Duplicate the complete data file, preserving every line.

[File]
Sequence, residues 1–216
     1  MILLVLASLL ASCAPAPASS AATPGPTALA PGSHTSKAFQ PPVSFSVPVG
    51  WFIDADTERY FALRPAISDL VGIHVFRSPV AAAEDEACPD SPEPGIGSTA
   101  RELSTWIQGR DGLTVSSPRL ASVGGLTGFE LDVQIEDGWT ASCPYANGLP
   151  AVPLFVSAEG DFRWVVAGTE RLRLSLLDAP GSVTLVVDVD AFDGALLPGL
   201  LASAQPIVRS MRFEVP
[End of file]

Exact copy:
Sequence, residues 1–216
     1  MILLVLASLL ASCAPAPASS AATPGPTALA PGSHTSKAFQ PPVSFSVPVG
    51  WFIDADTERY FALRPAISDL VGIHVFRSPV AAAEDEACPD SPEPGIGSTA
   101  RELSTWIQGR DGLTVSSPRL ASVGGLTGFE LDVQIEDGWT ASCPYANGLP
   151  AVPLFVSAEG DFRWVVAGTE RLRLSLLDAP GSVTLVVDVD AFDGALLPGL
   201  LASAQPIVRS MRFEVP